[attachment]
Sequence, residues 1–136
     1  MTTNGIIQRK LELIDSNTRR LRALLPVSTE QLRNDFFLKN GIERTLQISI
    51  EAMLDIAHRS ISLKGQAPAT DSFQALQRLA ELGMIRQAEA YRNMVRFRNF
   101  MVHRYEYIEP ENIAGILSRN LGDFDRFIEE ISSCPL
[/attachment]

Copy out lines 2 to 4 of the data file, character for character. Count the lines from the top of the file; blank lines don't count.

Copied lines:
     1  MTTNGIIQRK LELIDSNTRR LRALLPVSTE QLRNDFFLKN GIERTLQISI
    51  EAMLDIAHRS ISLKGQAPAT DSFQALQRLA ELGMIRQAEA YRNMVRFRNF
   101  MVHRYEYIEP ENIAGILSRN LGDFDRFIEE ISSCPL